Although America long ago had a Virginia architect as president—Thomas Jefferson—never until this year had someone reached its highest office from the considerably less elevated realms of New York real-estate development, Atlantic City casinos, and TV reality shows. Grotesque though the rise of Donald Trump has seemed to many, his political ascendance has struck those of us who love architecture as a particularly personal affront, given our familiarity with his forty-year record as the foremost architectural schlockmeister and urban design vulgarian of his generation. Trump’s insistence, wholly at odds with the built and economic evidence, that he saved the faltering New York City of the 1970s through his characteristically glitzy but inevitably cheesy projects was but one in a series of big lies that culminated in his pronouncement, at the Republican National Convention this past summer, that he alone could solve America’s problems.
Nonetheless, Trump’s brand of alternative reality clearly has a strong popular appeal, based as it is on wild claims and raw emotion, and it oddly reminded me of one of my earliest critical assignments. Forty years ago, Architectural Record asked me to review the granddaddy of all “what if?” books on the building art, Alison Sky and Michelle Stone’s Unbuilt America: Forgotten Architecture in the United States from Thomas Jefferson to the Space Age (1976), which I hailed as “one of the most thought-provoking architecture books in recent years.”
Unbuilt America appeared just as orthodox modernism was giving way to postmodernism, and it perfectly complemented the more expansive view of architectural history then emerging (which also paralleled the growing inclusiveness in our society at large from the 1960s onward). The book’s rare appeal to a general readership owed much to a widespread fascination with “what might have been,” and it inspired a host of similar volumes, including the recently published Never Built New York by Greg Goldin and Sam Lubell, co-authors of Never Built Los Angeles (which accompanied an eponymous exhibition held at LA’s Architecture and Design Museum in 2013.)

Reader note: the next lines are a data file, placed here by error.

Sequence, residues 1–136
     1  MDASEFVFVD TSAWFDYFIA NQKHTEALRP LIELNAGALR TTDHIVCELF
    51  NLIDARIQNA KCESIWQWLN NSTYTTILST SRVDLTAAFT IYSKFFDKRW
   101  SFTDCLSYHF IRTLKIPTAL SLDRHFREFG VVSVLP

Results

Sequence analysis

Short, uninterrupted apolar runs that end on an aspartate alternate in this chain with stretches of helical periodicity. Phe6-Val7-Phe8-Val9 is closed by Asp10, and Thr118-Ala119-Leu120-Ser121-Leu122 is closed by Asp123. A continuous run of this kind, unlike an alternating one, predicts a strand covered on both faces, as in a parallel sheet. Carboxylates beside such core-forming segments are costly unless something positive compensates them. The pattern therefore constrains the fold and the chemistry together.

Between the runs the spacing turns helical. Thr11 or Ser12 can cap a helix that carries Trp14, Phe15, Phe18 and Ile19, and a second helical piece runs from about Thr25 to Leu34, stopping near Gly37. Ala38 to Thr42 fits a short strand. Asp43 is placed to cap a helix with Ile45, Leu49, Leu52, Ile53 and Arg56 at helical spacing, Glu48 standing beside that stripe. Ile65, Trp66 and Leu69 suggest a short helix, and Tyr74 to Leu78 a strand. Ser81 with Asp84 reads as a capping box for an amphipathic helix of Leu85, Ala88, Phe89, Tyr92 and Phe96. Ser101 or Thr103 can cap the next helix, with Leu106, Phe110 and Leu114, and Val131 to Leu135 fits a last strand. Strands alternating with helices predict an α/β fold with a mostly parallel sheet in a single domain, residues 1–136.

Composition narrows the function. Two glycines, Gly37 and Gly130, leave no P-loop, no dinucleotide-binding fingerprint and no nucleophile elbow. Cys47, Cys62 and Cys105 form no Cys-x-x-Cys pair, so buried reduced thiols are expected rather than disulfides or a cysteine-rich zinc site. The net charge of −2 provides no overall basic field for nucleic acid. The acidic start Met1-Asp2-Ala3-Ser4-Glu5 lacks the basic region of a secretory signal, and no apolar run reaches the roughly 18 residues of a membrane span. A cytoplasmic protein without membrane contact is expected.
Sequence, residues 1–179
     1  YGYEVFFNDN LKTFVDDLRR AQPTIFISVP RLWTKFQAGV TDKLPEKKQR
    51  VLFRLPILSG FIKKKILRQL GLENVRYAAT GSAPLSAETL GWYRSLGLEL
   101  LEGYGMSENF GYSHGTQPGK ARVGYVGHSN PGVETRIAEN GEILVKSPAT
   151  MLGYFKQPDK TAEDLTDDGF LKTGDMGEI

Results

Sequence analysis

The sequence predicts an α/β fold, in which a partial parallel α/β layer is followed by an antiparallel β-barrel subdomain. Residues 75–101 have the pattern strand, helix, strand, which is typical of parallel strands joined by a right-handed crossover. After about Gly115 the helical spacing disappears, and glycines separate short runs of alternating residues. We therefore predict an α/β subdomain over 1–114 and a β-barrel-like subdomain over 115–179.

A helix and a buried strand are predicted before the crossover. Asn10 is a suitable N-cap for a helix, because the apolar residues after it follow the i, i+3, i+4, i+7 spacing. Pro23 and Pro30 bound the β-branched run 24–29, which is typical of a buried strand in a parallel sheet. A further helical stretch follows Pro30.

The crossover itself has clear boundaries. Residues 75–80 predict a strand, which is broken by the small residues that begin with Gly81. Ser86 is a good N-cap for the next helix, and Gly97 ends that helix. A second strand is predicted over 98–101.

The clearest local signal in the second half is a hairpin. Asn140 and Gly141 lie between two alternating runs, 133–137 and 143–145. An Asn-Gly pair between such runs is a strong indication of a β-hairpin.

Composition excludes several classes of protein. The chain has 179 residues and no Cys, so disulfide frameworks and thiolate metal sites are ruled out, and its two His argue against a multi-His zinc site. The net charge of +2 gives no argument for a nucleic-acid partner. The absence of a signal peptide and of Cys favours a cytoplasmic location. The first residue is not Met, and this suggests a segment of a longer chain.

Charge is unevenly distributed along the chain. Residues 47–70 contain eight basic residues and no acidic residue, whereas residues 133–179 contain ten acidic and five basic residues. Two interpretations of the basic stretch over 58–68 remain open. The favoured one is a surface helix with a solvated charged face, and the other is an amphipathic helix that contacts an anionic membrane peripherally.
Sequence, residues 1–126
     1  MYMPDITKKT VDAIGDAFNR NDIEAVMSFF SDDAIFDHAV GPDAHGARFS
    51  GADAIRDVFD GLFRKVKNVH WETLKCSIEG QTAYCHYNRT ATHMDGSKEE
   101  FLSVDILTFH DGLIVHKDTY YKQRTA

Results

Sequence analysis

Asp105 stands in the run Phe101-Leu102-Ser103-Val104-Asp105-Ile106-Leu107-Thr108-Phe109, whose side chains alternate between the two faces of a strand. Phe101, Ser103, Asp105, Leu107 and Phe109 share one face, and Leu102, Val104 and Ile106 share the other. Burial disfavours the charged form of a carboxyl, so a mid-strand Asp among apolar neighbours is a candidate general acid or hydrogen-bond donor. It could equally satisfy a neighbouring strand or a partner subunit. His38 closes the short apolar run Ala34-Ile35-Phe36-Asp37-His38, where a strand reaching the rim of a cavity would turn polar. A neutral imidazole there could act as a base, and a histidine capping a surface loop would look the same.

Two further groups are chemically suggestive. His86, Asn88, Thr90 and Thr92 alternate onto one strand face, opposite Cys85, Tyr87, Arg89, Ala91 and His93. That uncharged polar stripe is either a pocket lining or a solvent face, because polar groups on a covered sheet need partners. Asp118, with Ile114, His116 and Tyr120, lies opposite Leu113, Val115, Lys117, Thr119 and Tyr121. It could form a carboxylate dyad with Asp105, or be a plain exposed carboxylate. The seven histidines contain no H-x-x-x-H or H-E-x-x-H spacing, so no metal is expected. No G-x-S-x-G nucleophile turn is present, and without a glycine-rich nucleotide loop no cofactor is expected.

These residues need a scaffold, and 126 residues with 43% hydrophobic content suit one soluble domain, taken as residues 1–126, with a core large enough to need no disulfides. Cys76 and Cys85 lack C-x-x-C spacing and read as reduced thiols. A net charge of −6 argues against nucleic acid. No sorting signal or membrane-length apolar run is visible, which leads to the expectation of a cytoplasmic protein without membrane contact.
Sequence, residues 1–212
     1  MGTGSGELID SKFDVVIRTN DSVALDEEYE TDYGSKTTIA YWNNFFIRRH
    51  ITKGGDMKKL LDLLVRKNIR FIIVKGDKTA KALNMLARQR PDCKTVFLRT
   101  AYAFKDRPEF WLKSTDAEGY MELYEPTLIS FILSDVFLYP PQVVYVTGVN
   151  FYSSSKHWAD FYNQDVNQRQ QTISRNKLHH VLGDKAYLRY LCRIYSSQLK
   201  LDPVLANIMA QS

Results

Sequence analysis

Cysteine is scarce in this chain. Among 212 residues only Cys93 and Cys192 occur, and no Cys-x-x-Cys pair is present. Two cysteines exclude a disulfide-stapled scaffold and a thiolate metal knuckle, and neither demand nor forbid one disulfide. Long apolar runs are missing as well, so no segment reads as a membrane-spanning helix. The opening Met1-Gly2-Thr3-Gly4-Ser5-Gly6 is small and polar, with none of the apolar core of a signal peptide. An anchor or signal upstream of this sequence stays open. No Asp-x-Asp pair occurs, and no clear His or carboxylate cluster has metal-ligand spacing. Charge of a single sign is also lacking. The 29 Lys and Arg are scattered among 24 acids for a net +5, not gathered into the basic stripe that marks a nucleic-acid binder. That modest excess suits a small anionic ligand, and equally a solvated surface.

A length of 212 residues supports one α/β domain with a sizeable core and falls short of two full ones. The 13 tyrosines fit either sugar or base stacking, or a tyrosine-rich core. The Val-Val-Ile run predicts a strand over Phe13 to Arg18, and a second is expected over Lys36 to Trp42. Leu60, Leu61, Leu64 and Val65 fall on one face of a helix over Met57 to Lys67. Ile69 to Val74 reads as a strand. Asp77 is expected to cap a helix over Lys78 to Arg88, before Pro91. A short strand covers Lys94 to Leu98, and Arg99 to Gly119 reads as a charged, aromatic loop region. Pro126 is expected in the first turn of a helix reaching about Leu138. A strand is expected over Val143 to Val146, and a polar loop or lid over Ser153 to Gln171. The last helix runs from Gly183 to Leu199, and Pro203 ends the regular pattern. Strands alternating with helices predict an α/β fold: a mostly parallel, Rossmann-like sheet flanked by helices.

Though Never Built New York contains some well-known proposals that never made it past the design stage—among them Frank Lloyd Wright’s St. Mark’s-in-the-Bouwerie Residence Towers (1927) and R. Buckminster Fuller and Shoji Sadao’s Dome Over Manhattan (1960)—much else will be revelatory even to specialists. For example, I’d never known about Cass Gilbert’s 1931 attempt to conceal the steel latticework towers of Othmar Ammann’s George Washington Bridge beneath a stripped classical slipcover of pink granite. Likewise I’d been unaware of Philip Johnson’s monster quartet of Brutalist apartment slabs for Chelsea (1967), not far from where the High Line has lately become a magnet for high-style condo architecture.
Echoing Unbuilt America’s original mix, the new survey encompasses ideas that were fortunately rejected (Santiago Calatrava’s eerily skeletal 1992 proposal for completing the Cathedral of St. John the Divine) and regrettably thwarted (Joseph Urban’s boffo 1927 Broadway theater for the experimental impresario Max Reinhardt, which would have been as much of a spectacle as anything on its stage). Many were thoroughly impractical (John A. Harris’s demented 1924 call for draining the East River to create more land, and Norman Sher’s equally crazy 1934 plan to dam the Hudson River and join Manhattan’s West Side with New Jersey), while others were ingeniously inventive (I.M. Pei’s Helix of 1957, a cylindrical tower with pie-shaped apartments that could be expanded or contracted as residents’ need for space changed.)
Architectural competitions provide a mother-lode of material for such roundups, and Never Built New York also includes hilarious duds such as an entry in the 1858 contest to design Central Park submitted by one John Rink resembling a green Suzani embroidery from Central Asia. Considering this dreadful alternative, it is not surprising that Frederick Law Olmsted and Calvert Vaux’s sinuously flowing and veritably breathing proposal jumped out at the jurors and won their approval.